However, this is significantly easier said than done, and it’s a long and unpredictable process. Every day I’ve had to make a conscious effort to disentangle my own personality from that of the eating disorder until eventually it became just a small part of my mind and therefore now no longer has control over me. Along the way, my family and others have continued to play invaluable roles in helping me learn to recognise and work through thoughts and feelings that stem from the eating disorder in order to avoid relapsing into the anorexic patterns. Instead, I’ve had to learn new, healthier ways to deal with negative emotions. The key has been months of perseverance, honesty and support.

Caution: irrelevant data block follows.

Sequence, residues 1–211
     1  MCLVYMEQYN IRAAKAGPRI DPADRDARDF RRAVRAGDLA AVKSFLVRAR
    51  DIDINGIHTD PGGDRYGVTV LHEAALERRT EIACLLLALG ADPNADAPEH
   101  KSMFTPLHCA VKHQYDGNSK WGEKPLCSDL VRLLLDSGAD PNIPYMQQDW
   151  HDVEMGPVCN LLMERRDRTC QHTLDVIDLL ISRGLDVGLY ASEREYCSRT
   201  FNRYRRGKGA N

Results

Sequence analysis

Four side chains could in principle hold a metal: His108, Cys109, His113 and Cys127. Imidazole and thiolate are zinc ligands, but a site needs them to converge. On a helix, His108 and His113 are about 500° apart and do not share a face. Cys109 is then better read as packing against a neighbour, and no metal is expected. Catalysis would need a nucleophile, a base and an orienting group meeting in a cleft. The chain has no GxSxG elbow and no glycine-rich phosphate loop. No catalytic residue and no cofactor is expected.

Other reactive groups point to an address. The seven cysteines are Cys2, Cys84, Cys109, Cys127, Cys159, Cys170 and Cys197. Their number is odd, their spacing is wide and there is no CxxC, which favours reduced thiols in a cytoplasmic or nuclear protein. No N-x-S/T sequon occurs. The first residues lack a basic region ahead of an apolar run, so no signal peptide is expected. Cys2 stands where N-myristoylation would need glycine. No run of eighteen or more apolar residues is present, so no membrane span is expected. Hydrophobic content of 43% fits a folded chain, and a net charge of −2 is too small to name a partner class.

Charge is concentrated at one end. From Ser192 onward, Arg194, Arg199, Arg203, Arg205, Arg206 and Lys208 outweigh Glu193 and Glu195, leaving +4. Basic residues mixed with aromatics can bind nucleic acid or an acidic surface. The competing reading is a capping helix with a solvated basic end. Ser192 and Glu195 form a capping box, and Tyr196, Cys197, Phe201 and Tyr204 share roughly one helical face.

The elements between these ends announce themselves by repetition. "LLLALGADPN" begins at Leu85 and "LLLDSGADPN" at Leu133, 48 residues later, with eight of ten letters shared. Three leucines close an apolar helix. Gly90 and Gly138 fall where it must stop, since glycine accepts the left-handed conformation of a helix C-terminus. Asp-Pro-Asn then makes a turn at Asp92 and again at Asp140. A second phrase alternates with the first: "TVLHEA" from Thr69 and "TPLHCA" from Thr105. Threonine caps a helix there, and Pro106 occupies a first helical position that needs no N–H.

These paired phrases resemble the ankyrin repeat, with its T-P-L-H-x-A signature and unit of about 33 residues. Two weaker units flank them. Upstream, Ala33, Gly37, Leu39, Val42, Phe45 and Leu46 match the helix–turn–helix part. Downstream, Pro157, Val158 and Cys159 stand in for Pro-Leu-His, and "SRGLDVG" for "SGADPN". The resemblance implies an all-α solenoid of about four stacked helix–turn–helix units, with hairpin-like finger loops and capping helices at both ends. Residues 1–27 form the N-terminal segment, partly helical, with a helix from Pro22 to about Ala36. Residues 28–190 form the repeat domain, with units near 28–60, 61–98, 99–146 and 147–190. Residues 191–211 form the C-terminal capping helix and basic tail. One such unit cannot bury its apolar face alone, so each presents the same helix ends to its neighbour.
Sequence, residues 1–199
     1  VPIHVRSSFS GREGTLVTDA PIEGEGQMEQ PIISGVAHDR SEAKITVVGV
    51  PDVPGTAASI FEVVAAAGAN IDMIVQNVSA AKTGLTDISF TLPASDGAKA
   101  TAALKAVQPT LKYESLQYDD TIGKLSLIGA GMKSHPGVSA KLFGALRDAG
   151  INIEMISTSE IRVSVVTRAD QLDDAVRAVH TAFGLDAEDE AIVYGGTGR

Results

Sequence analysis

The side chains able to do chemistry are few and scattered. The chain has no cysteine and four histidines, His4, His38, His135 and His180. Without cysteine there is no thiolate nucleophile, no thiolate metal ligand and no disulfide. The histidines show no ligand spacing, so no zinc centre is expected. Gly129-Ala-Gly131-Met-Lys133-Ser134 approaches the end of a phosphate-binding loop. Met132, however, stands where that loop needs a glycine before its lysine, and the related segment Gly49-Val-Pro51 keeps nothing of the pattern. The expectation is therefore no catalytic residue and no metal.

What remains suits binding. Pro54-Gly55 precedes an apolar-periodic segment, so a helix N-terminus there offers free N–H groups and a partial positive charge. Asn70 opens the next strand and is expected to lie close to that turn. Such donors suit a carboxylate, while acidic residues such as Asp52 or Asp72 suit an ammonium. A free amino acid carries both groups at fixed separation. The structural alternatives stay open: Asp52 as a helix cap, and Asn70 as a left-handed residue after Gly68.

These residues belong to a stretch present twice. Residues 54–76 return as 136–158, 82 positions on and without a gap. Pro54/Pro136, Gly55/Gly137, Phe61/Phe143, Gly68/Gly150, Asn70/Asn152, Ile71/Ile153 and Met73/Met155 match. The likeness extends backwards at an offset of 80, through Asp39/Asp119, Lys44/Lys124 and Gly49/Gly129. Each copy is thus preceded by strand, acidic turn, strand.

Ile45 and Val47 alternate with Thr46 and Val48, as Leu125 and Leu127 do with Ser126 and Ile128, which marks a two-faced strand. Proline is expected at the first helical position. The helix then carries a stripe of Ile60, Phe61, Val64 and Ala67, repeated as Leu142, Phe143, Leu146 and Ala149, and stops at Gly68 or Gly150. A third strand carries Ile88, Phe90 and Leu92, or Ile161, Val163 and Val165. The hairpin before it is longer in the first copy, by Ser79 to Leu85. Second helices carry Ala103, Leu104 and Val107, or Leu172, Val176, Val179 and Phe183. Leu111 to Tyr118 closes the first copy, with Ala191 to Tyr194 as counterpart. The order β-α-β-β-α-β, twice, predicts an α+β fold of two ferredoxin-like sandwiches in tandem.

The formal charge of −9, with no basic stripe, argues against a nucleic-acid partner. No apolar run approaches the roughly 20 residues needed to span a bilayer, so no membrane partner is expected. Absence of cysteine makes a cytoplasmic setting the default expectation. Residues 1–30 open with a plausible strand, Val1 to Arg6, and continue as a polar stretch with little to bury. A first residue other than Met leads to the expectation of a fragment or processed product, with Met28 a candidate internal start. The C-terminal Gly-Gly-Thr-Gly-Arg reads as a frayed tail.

It may be a cliché, but recovery is a journey. It is a journey that will take different turns as I enter new stages of my life, but I know now that I can loosen the grip of my eating disorder, and lead a life that is both content and fulfilling.

If you want to hear more about the latest research on eating disorders, listen to the Anna Freud National Centre for Children and Families’ expert podcast here, featuring Dr Dasha Nicholls, a young person with experience of disordered eating, and BBC Radio 4 presenter Claudia Hammond.